First Degree Murder Charges Against Member Dropped
by Marty Hayes, J.D
I am writing this at Gunsite Academy where I am attending training. While on my way south from WA State, I received an urgent call from the home office, telling me of a member-involved shooting, and the need to get working on the case. I pulled over at a rest stop on I-5 in California and got to work on the Boots on the Ground phone. Within a couple of hours, we had lined up an attorney for the member, and a couple hours after that, the attorney and member got together at the jail to start the member’s defense. I will leave out the particulars of the situation, and will only note that immediately after the incident, the member did not have an attorney to call, so he called the Network first and our immediate task was connecting him with an attorney.
Fast forward a week. After spending a week in jail pending filing of formal charges, the member and his attorney sat down and discussed the case with the lead detective. The sheriff’s department subsequently decided they lacked sufficient evidence to go forward with formal charges. Our member is now free with no hammer over his head, and frankly, is pretty thankful for his membership in the Network. You will likely hear from him personally in these pages if we can tell the story without incurring further legal jeopardy for the member. This experience was a great example of how membership in the Network can benefit the lawfully armed citizen.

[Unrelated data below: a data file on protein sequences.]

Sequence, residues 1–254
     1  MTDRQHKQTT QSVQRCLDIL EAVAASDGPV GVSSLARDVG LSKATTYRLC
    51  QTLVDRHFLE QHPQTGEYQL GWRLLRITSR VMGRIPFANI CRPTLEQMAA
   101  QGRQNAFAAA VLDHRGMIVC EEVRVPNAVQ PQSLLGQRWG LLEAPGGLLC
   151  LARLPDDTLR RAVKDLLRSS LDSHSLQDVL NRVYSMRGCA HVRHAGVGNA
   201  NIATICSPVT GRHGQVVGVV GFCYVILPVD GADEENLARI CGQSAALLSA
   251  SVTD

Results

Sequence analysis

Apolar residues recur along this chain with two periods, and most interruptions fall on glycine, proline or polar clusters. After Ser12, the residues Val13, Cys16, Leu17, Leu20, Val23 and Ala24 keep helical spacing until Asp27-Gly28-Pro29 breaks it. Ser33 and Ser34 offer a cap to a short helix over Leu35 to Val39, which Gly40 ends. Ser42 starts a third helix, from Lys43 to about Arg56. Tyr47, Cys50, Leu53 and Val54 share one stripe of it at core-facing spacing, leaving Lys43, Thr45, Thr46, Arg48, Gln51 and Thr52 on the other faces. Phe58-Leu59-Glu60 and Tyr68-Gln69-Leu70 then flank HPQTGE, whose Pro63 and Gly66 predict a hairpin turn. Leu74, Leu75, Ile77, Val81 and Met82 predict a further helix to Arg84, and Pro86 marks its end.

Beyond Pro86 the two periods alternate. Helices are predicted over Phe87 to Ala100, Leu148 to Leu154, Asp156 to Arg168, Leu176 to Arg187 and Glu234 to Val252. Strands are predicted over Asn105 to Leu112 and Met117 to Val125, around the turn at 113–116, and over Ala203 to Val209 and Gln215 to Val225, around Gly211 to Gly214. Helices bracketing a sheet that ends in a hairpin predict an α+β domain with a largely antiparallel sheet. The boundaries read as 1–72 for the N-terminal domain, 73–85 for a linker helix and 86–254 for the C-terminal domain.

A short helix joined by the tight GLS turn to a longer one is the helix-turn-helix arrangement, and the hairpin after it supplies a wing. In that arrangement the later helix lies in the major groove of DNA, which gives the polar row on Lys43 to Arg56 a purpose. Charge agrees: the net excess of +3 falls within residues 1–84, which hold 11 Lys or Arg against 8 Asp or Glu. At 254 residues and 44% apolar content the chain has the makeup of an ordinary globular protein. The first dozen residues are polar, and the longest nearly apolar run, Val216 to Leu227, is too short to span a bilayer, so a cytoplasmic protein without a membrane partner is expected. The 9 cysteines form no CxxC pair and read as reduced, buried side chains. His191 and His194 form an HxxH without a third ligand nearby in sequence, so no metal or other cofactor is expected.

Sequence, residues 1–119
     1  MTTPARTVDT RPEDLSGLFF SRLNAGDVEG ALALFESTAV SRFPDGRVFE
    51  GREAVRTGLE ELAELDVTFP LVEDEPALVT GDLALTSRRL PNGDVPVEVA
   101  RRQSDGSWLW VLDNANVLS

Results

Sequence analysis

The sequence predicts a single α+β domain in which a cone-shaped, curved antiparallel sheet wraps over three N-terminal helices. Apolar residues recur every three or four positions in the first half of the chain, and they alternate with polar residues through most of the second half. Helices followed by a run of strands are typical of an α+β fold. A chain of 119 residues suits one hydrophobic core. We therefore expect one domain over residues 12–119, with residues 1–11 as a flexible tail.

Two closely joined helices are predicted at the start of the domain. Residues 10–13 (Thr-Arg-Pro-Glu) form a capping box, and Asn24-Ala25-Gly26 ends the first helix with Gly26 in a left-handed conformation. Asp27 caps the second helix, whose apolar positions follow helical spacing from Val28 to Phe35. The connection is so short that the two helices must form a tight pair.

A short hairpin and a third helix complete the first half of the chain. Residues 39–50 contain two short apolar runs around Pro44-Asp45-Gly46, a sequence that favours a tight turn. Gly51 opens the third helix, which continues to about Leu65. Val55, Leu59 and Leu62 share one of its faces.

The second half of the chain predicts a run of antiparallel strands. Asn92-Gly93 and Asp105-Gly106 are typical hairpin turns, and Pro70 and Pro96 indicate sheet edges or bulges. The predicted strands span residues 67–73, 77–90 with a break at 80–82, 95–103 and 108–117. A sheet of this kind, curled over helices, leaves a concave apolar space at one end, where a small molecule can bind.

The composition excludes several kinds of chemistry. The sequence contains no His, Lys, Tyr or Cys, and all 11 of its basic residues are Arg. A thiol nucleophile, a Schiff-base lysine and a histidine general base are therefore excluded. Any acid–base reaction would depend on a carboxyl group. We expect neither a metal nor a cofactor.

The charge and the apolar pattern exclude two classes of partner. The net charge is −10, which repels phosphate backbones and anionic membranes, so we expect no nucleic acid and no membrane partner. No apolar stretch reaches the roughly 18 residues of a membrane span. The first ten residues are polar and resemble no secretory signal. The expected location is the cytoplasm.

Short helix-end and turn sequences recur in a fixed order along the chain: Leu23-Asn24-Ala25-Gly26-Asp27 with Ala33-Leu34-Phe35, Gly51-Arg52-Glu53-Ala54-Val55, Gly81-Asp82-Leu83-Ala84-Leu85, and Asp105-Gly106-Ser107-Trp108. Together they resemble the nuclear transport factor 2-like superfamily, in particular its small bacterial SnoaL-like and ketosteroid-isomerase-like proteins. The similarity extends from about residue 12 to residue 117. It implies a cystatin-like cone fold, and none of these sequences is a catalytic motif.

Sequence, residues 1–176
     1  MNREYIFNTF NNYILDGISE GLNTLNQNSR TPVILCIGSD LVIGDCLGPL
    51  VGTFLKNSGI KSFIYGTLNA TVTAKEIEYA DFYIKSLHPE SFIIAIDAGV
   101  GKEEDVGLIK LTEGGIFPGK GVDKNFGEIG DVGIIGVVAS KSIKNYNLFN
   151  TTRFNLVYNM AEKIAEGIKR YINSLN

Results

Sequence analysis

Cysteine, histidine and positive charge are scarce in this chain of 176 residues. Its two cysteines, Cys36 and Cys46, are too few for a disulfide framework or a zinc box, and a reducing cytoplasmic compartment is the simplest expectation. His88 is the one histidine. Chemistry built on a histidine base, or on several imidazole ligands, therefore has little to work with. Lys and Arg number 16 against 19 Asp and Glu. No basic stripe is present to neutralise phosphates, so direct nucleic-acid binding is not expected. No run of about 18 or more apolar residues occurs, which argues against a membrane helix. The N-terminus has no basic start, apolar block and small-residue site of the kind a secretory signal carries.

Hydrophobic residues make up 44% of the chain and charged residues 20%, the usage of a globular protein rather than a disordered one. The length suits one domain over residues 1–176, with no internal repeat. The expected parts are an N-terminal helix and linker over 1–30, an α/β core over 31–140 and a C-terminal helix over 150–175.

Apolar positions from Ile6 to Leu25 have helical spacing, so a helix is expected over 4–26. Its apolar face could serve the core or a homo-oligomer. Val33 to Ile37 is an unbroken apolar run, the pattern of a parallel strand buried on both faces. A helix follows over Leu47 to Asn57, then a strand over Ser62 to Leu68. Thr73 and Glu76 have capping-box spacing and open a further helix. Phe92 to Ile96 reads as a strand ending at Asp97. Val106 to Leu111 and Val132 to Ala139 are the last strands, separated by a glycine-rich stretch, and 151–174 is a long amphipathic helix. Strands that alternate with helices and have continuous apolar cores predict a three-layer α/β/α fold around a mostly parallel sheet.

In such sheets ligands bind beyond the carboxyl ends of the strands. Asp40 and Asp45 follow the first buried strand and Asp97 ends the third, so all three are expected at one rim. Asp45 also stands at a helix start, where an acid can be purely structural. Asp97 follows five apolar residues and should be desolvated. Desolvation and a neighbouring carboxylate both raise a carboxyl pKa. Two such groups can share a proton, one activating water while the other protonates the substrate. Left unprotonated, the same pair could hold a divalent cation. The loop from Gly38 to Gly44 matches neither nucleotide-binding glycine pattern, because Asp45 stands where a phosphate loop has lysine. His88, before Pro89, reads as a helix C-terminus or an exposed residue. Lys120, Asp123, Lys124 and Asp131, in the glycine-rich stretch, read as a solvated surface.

What could have gone better? While I cannot be certain, I suspect that if the member’s phone call from the jail could have gone to his previously selected attorney (not to the Network) he might have been able to avoid the days in jail. His attorney could have responded immediately, gone over the facts with the member and then discussed the case with the lead detective and perhaps later with the prosecutor. It is possible that the member may not have been arrested and booked in the first place, although we will never know.